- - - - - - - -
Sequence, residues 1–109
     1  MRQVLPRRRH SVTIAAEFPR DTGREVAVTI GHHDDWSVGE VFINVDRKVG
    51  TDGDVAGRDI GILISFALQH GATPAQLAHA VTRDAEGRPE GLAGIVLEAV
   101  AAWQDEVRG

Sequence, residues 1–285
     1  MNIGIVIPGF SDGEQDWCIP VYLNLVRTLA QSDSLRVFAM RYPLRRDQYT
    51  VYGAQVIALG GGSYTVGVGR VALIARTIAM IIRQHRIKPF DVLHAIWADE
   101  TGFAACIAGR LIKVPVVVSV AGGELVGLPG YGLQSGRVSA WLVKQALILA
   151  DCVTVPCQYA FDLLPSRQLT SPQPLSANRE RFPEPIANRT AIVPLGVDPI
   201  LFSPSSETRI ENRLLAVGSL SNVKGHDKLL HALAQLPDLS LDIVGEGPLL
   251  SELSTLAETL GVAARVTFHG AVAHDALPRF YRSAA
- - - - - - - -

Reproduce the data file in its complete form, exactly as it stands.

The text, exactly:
Sequence, residues 1–109
     1  MRQVLPRRRH SVTIAAEFPR DTGREVAVTI GHHDDWSVGE VFINVDRKVG
    51  TDGDVAGRDI GILISFALQH GATPAQLAHA VTRDAEGRPE GLAGIVLEAV
   101  AAWQDEVRG

Sequence, residues 1–285
     1  MNIGIVIPGF SDGEQDWCIP VYLNLVRTLA QSDSLRVFAM RYPLRRDQYT
    51  VYGAQVIALG GGSYTVGVGR VALIARTIAM IIRQHRIKPF DVLHAIWADE
   101  TGFAACIAGR LIKVPVVVSV AGGELVGLPG YGLQSGRVSA WLVKQALILA
   151  DCVTVPCQYA FDLLPSRQLT SPQPLSANRE RFPEPIANRT AIVPLGVDPI
   201  LFSPSSETRI ENRLLAVGSL SNVKGHDKLL HALAQLPDLS LDIVGEGPLL
   251  SELSTLAETL GVAARVTFHG AVAHDALPRF YRSAA